One of the most annoying features of macOS is the persistent notification of available software updates. John shows how to get back in control.
There are multiple ways to find and launch Mac apps, and we’re here to tell you about 5 of them.
Ben Pearson, an electrical engineer by training, has put together a website that tracks the Tesla Roadster that the SpaceX Falcon Heavy put into orbit around the sun. His website scripts extract data from from JPL Horizons to provide continuous updates on the position of Roadster’s passenger Starman. Check it out.
Hot on the heels of macOS High Sierra 10.13.4 developer beta 3, Apple released iOS 11.3 developer beta 3 on Tuesday. So far, it looks like the update squashes some bugs, but doesn’t add new features.
The two biggest known new features in this release cycle are Messages on iCloud and Business Chat, plus the gorgeous wallpaper included with iMac Pro.
We have a deal for you today on Aeon Timeline 2 for both Mac and Windows. This tool is designed to help you organize even large projects and manage your workload. You can manage events, entities and relationships, dependencies, and even story timelines for novels and other creative writing. You can also link events with images, external documents, and websites to better track research and supporting documentation. You can get this license for both platforms for $19.99, but coupon code USA40 will get you another 40% off until 11:59PM tonight, February 20th. That brings the price down to $11.99.
John Martellaro and Bryan Chaffin join Jeff Gamet to talk about the perception that iPhone X sales are tanking, plus they explain Siri’s hierarchy in deciding when it should respond from your iPhone, iPad, or HomePod.
Curious how Siri decides which device it should respond from? There’s a process, along with a pecking order, and it takes only milliseconds to play out.
Photos has a nifty little feature that’ll let you edit an image in Photoshop, say, and have the changes reflected in its library, no importing or exporting required! In today’s Quick Tip, we’ll cover all of the details—including a big ol’ caveat that you’ve gotta know.
The Mac and iPhone maker filed for a new trademark for its iconic rainbow Apple logo that’s likely going to end up on hats and other headgear.
Bryan Chaffin says he’s a wee bit confused by this story: on the one hand, Apple says iPhone X is the top selling smartphone week in and week out, and on the other, everyone else keeps talking about Apple slashing orders due to “weak demand.”
Ever wanted to clear recent locations in your calendar? Or alphabetize LaunchPad? How about finding old computer magazines online? These are just some of the Geek Challenges John and Dave talk through this week. Pepper in some Cool Stuff Found, other questions from fellow listeners, and a discussion about playing podcasts with your voice assistant, and you’ve got this week’s episode! Press play… and enjoy!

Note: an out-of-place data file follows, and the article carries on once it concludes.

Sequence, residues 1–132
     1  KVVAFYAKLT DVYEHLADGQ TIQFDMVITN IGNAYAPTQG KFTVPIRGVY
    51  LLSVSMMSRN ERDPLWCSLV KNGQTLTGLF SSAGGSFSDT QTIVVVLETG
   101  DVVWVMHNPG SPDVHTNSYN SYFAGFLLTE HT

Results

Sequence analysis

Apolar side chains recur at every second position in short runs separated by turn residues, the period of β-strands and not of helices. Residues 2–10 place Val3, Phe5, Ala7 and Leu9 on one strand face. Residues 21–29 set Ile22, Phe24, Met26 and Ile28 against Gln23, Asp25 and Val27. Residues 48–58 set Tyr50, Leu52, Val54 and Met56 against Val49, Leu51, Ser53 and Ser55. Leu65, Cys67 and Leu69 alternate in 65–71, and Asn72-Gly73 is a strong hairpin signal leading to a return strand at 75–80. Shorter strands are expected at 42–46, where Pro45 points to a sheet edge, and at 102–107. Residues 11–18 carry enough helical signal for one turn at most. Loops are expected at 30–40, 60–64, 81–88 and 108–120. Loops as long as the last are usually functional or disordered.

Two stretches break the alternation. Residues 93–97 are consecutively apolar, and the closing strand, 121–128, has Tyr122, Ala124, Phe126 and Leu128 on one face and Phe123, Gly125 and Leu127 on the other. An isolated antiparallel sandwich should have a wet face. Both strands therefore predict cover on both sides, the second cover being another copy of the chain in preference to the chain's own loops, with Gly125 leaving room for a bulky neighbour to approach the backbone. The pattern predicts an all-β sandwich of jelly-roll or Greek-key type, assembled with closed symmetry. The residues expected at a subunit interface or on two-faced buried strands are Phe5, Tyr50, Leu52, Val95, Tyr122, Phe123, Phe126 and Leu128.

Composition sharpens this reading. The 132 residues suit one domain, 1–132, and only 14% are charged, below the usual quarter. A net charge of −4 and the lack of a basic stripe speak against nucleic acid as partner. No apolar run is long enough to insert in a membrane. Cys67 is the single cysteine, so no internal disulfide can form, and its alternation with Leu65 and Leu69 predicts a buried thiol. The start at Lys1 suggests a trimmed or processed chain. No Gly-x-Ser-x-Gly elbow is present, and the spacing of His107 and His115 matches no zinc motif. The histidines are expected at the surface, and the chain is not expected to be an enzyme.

Behold the passing of an era, as Apple changed its official corporate address away from 1 Infinite Loop to One Apple Park Way. Spotted by 9to5Mac, Apple changed the address on its corporate contact page to its new headquarters after the company’s shareholder meeting last Tuesday. Infinite Loop still houses thousands of Apple employees—and will for the foreseeable future—but the center of the Apple universe has shifted to Apple Park. It’s a wee strange, at least to someone who’s been covering Apple for so long, but Apple Park is something special. So out with the old and in with the new and never look back.
MGG listener Bill turned us on to a copy of Gordon Moore’s original paper discussing the trend of integrated circuit component density increasing at a rate of roughly two per year. This is the paper that gave rise to what is commonly, though improperly, called Moore’s Law. It’s improper because in that it’s not a scientific law—like gravity—but rather more of an observation of a human-driven trend that was remarkably accurate for a very long time. Regardless, it’s a fun read, and thanks to Bill for alerting us to this! In the pic below, Gordon Moore is on the left, and his Intel cofounder Robert Noyce is to the right.
We have a deal on DEVONthink Pro for the Mac. This software allows you to view and edit many documents inline, read webpages as if they were local documents, and file your information. You can also store your documents in a self-contained database and sync your data directly on the local network or on any USB stick or SD card w/ AES 256-bit encryption. It’s US$39.95 through us, half off retail.
Amy Harder covers energy and climate change for Axios. She writes a weekly column called the Harder Line that reports on trends, has exclusive scoops and analyzes the news driving the debate about energy and climate. Her coverage includes congressional legislation, regulations, lobbying, and international policy actions affecting the United States. Amy holds a B.A. in Journalism with honors. In our interview, I asked Amy about some of the most important issues of her coverage: what is “clean coal,” how does global warming affect climate, do all conservatives deny global warming, what is a good website for scientific information, what is her workday like, and what could scientists do to better to communicate with the public? Come meet and listen to the reporter who has a terrific grasp of these important topics.
The company didn’t release patch notes for the update (which is common for Apple TV), but Apple’s other operating systems were all patched for the Telugu text bug.
That bug resulted in apps crashing from an Indian text character sequence, and messaging apps were particularly exposed.
Apple released watchOS 4.2.3 on Monday with a fix for a bug where specific characters from the Telugu alphabet could cause messaging apps to crash.
The Telugu text bug would crash your iOS device when certain Indian characters were sent to it.